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Wednesday, October 22, 2014

THE 100 Bats Far Above "The 48"

TV Review: ‘The 100′ – ‘The 48′

Article first published as TV Review: 'The 100' - 'The 48' on Blogcritics.

Warning: The following contains some spoilers from the season premiere of The 100.

CW’s The 100 is back for a second season this week. As the premiere episode opens, our cast remains scattered after the chaos of the season-ending battle last spring. Clarke (Eliza Taylor) and forty-seven others have been taken below ground by a group of survivors trying to live much the same way people used to on Earth, hence the title of the hour, “The 48.” Octavia (Maria Avgeropoulos) lies dying from the poison arrow she is shot with, Raven (Lindsey Morgan) is stuck with an unexpected companion, and Bellamy (Bob Morley) tracks a captured Finn (Thomas McDonell) through the forest.

Clarke’s subplot gets the biggest focus, as one might expect, since she is the main protagonist. She wakes up in a white room, confused, not knowing where she is or how she got there. The 100 does a good job of communicating the terror of being in an unfamiliar environment, letting the audience see things through Clarke’s eyes, and only after a bit of action do we find out what’s going on.

Clarke soon meets Dante (Raymond J. Barry, Justified), the leader of the so-called Mountain Men. He and his people are generous, offering the ‘rescued’ teenagers clean clothing and good food. Much of the group is very happy to be there, but Clarke is suspicious, believing the whole thing is too good to be true. “The 48″ doesn’t tell us whether or not Clarke is right, as most smartly-written dramas keep us guessing, letting things unfold in such a way that Dante could be a hero, a villain, or something in between. It will be interesting to see how things with him play out.

Clarke’s story is intriguing, but The 100 is smart to divide its cast because it allows for other avenues to be explored at the same time. Various combinations of personalities can be tossed together, played with for awhile, then remixed to keep the story interesting. For example, Murphy (Richard Harmon) winds up spending time with one of our main group. No one likes him, but by constructing the story in such a way that a beloved cast member is forced to spend time with him, it allows the conflict needed for drama and keeps things moving along. Thankfully, “The 48″ doesn’t end this pairing in a predictable way, either.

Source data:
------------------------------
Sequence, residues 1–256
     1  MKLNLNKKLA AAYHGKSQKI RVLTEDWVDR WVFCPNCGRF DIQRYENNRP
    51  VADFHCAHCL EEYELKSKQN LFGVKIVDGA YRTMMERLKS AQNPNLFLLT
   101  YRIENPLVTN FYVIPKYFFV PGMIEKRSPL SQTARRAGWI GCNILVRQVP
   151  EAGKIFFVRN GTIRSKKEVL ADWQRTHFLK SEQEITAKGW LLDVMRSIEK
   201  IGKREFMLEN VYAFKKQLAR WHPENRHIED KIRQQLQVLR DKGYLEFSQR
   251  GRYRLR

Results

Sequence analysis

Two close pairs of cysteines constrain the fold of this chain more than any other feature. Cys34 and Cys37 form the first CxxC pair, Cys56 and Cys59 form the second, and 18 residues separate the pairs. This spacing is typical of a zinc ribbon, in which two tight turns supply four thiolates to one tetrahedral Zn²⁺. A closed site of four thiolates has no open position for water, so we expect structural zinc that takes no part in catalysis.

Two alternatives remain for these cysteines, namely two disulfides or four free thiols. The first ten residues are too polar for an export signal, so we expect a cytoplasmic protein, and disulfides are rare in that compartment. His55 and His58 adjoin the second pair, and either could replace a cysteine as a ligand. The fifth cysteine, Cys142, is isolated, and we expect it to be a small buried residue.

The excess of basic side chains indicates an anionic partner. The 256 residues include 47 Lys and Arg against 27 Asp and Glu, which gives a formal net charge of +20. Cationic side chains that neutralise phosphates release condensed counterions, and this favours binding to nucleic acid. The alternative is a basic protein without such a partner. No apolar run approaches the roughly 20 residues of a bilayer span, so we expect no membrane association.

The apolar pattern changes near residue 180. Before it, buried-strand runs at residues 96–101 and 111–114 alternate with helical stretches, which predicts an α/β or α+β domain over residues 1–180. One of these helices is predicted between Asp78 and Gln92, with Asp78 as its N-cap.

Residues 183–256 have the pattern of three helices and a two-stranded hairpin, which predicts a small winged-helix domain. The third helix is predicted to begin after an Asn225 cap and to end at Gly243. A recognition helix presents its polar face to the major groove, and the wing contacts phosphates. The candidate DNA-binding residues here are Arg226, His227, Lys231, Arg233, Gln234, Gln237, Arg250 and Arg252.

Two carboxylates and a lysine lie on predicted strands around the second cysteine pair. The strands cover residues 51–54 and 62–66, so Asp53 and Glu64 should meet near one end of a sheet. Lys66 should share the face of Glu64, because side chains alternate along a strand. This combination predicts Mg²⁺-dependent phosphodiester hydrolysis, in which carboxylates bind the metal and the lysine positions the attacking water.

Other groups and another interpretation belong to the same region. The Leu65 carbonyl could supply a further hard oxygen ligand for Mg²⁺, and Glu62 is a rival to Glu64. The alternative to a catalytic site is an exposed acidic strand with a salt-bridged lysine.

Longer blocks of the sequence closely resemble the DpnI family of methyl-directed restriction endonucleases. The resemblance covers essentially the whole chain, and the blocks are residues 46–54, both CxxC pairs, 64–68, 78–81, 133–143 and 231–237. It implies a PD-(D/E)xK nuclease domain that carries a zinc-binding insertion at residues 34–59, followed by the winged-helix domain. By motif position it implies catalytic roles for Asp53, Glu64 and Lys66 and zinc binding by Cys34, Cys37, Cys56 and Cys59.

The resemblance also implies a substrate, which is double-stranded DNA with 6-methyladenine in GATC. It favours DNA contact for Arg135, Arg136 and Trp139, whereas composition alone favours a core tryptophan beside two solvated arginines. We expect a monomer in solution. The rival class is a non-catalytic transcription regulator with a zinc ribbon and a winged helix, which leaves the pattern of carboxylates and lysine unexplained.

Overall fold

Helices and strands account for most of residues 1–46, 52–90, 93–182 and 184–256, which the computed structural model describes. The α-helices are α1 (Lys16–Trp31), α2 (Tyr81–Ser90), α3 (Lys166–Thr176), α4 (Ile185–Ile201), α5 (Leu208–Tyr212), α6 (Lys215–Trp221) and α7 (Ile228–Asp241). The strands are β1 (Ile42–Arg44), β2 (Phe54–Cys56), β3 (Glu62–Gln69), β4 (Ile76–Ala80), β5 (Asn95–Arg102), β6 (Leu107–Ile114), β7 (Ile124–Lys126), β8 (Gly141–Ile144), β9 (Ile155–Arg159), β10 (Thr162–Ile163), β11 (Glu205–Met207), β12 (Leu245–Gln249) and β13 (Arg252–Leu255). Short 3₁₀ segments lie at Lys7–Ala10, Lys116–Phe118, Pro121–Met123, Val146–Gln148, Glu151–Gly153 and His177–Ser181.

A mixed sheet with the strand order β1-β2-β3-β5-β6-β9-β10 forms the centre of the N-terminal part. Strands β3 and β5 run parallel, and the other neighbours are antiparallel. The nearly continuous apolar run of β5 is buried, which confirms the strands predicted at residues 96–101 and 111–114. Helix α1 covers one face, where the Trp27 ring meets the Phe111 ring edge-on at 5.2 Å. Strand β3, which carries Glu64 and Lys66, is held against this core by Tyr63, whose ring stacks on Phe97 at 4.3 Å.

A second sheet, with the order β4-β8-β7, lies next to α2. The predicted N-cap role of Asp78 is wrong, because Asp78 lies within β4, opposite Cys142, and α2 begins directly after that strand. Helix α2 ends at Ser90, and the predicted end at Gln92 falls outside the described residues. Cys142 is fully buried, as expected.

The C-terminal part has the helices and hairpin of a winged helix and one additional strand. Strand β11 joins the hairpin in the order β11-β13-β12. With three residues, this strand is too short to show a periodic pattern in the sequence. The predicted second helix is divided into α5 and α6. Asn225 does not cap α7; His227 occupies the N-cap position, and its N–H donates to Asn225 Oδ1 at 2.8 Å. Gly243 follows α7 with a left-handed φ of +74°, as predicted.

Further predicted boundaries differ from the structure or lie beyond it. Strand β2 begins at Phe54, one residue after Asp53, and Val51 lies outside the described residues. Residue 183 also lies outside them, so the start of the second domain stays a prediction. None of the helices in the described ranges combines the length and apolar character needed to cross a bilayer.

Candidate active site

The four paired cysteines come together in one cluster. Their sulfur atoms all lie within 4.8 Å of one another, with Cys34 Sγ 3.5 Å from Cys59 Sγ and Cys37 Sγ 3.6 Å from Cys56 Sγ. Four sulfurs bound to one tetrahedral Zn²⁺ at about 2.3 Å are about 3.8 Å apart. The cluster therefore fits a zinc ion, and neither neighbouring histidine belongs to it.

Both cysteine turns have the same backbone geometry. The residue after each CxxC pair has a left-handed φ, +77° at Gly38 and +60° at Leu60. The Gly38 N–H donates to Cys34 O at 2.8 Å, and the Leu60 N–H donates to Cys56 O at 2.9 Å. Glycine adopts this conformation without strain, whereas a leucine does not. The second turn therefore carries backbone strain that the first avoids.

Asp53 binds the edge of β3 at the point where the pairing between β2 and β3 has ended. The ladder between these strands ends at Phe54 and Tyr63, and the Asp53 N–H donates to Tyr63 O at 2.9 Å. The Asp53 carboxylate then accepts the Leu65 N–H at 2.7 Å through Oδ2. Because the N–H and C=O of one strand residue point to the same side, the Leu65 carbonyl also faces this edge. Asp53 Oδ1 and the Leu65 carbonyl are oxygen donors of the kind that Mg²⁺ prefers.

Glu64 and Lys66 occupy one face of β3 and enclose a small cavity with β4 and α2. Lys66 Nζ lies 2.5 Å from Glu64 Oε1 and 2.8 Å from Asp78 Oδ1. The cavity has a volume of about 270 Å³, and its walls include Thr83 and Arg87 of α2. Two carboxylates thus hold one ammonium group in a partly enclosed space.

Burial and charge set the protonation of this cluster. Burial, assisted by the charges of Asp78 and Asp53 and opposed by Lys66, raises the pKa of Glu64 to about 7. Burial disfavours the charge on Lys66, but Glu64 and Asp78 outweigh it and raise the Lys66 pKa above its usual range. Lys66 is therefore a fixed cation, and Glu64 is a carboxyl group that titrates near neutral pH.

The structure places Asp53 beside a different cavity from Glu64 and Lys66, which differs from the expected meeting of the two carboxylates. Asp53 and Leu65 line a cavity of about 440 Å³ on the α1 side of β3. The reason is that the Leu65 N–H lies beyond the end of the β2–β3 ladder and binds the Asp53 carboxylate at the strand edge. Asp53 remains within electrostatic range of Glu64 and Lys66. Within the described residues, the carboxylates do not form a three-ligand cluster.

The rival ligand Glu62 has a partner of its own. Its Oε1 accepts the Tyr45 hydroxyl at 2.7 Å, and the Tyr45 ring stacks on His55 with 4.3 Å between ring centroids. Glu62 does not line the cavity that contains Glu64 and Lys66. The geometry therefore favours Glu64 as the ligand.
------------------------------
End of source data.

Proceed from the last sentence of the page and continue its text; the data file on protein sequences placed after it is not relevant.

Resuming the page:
What many viewers will be wondering throughout this initial installment is, where are those that fell to the ground from space? Abigail (Paige Turco) and Marcus (Henry Ian Cusick) do show up about two-thirds of the way through the episode. I won’t spoil where they enter or what they do, but one thing is definitely clear: their presence marks a shift in the balance of power. The kids, despite having been back on the planet for only a short time, have their own hierarchy and rules now. Does anyone really think their parents and elders will just join that framework? Of course not. Which makes for another thread I’m anxious to see more of.

Finally, there is one main character who appears to be done in last year’s season finale but is definitely not. I was quite surprised to see this person pop up in “The 48″ and I’m not sure exactly why the writers have decided to keep them. Yet, like most of the other story lines, this one is mysterious enough to draw one in, and I definitely look forward to seeing how the writers get this person out of the corner they’ve written them into.

I’ve striven to tease without revealing, but I found The 100‘s season premiere quite good. It picks back up nicely from where it leaves off, and it begins a number of new plots that should serve the show well.

The 100 airs Wednesdays at 9:00 p.m. ET on the CW.

MARVEL'S AGENTS OF SHIELD "Face" Another Challenge

Article first published as MARVEL'S AGENTS OF S.H.I.E.L.D. Review Season 2 Episode 4 Face My Enemy on Seat42F.


On MARVEL’S AGENTS OF S.H.I.E.L.D., in an episode titled “Face My Enemy,” Coulson (Clark Gregg) and May (Ming-Na Wen) go undercover to obtain an artifact that has the same strange markings Coulson has been carving. They are hampered by a familiar face with unknown motives. Meanwhile, Fitz (Iain De Caestecker) may be the only one who can save the rest of the team when The Bus is sabotaged. But with his mental problems, is he up to the task?